Automating Firewall Log Scanning

Techniques and scripts for automating scanning of log files produced by ipchains.
Data Display Loop

First we display a nice-looking web page header, as shown in Listing 2.

Listing 2. Web Page Header

Loop over the sorted source IP addresses and print the source IP address, the number of packets coming from that IP and the traffic (in bytes) generated from that IP:

for (sort keys %source) {
  print "<TR><TD>$_</TD> ";
  print "<TD>$source{$_} </TD>\n";
  print "<TD>$traffichost{$_} bytes</TD>\n";

Now we are able to print the string containing the destination IP addresses contacted by the current source IP address:

$tmp1 = $sourcedest{$_};
if (length($tmp1) gt 0) {
  print "<TD>\n";
  @lt1 = split " ", $tmp1;
  for(sort @lt1) {
    printf "$_ <br>\n";
  }
  print " </TD>\n";
}
print " </TR>\n";
}
Finally, we print the HTML tail:
print "</TABLE>\n";
print "</center>\n";
print "</BODY></HTML>\n";

The Downloadable inside-control Script

The version of inside-control I actually implemented is richer in functionality than the one presented here. You can download the script from www.iris-tech.net/hdsl-fw. Some of the main added features include the ability to display arbitrary names instead of IP addresses in the “Source IP” column. This is done with a very simple text database that maps IP numbers to names. The format is the same as the /etc/hosts file, and you can use that file if it is meaningfully configured for your internal LAN. The exact location of the “IP to names” database file can be specified by changing the relevant variable ($useripdb) at the beginning of the script.

There is also a search facility that allows one to look for a particular source IP address (or corresponding name found in the “IP to names” database) in the logs. The search form is displayed whenever the CGI is called without arguments from the browser. Arguments passing is done by the GET method.

Additionally, the main loop includes some data validation (the kernel cannot always log properly, especially on low RAM or low-spec CPUs) and some storage of port-dependent information.

Finally, the script can also be called without the web interface. Just pass any argument to inside-control, and all HTML output will be suppressed and some normal output will be provided instead. A search string for a source IP address (or its corresponding name found in the “IP to names” database) can be passed to the program via the -t option.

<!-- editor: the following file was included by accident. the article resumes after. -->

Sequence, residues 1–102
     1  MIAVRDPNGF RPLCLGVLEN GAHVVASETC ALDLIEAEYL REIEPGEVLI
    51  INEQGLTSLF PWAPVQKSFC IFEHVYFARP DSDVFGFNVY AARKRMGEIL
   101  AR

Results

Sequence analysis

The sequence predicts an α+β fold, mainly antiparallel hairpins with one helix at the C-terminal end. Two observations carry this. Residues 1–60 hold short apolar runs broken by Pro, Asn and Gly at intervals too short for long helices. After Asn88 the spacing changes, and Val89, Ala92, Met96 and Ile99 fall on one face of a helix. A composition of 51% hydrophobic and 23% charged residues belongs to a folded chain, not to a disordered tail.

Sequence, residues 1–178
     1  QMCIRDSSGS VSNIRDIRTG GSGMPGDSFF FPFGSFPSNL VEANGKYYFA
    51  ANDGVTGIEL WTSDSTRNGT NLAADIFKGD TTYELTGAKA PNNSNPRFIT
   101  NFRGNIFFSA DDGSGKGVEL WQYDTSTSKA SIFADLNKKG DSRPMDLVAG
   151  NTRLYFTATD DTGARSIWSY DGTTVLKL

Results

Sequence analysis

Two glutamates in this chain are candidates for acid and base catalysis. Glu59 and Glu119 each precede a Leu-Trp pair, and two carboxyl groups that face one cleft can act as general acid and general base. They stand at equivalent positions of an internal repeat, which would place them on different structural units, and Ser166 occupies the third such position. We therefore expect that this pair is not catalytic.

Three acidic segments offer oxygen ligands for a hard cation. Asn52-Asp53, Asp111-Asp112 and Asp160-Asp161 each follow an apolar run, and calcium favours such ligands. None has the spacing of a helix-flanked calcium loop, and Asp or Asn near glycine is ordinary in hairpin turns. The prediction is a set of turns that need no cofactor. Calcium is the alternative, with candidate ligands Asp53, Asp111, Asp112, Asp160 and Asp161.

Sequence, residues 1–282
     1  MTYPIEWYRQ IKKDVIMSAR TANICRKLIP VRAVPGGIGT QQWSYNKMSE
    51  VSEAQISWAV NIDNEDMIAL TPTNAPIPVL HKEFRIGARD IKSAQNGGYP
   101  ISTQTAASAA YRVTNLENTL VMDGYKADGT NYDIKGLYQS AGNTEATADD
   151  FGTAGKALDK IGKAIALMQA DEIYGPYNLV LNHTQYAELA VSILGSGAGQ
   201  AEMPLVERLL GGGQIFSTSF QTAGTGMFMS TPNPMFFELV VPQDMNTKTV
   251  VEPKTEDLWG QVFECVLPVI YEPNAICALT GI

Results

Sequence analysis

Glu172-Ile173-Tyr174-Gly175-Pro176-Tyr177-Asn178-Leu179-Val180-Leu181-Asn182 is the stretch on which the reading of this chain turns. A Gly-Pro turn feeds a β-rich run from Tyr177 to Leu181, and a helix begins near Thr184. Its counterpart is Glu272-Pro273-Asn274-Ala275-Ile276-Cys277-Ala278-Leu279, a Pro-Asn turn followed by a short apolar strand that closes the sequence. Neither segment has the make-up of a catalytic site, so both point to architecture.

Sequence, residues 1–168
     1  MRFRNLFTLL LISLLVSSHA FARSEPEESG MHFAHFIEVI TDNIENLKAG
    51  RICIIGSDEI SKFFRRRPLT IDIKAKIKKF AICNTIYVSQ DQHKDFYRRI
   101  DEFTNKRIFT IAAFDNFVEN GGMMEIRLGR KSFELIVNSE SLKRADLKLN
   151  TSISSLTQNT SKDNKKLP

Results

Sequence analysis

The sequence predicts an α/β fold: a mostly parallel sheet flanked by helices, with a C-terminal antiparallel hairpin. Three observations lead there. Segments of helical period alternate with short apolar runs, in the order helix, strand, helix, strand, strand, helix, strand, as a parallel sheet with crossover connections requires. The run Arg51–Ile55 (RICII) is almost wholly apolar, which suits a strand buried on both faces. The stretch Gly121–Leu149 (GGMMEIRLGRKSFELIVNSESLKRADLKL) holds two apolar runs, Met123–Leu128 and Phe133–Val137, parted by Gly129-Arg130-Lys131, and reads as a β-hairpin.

Notes and Caveats

The purpose of this article is to explain some design principles and give some hints, not to give a prepackaged solution to log scanning problems. There are many areas where the inside-control script can be made better, such as performance and security. The following are some notes about inside-control, mostly related to security issues.

In order for a CGI to read the computer log files /var/log/syslog or /var/log/messages, these have to be made readable by all. This can be accomplished with the command chmod +r /var/log/syslog. This, however, is not very secure as it gives anybody on the system permission to read the computer log files. It would be much better to get the web server to run inside-control with a particular group permission, and then make the log files belong to that group.

After reading the article, one could conclude it is essential that a firewall also runs a web server, as inside-control needs to read the firewall log files. In fact, putting a web server on a firewall is very insecure: ideally a firewall should run no dæmon service, and all maintenance should be done at the console. When there is a need for remote administration, the only service that may be installed on the firewall is ssh, the secure shell. Running inside-control is still possible by setting up a separate web server within the internal network that also acts as a syslog server for the firewall.

Firewall logs can fill up a partition pretty quickly. In order to avoid having a clogged hard disk on the firewall (which could lead to a malfunctioning internet connection), depending on the amount of traffic you want to log, you have to allow for a large log file space. For high data volume services (typically HTTP, FTP, SMTP, NetBIOS, LPD and database services) I would advise setting up a second hard disk of at least 20GB in size, with just one partition mounted on /var/log. Also keep in mind that the script needs some error-checking code on critical steps like opening a file.

Finally, there is a lot of room for improvement everywhere in the script and especially in the main loop. One can use much more data from each log line than is discussed here. However, it is always a good idea to not show too many details; otherwise, the whole point of having an automated log scanner is defeated. If you display all available details, you end up having to look for suspicious entries in an unmanageably high volume of traffic log.

Leo Liberti is technical director at IrisTech in Como, Italy, a firm that supplies its customers with web-based applications and all kinds of electronic services. His free time is dedicated to eating in as many restaurants as possible.

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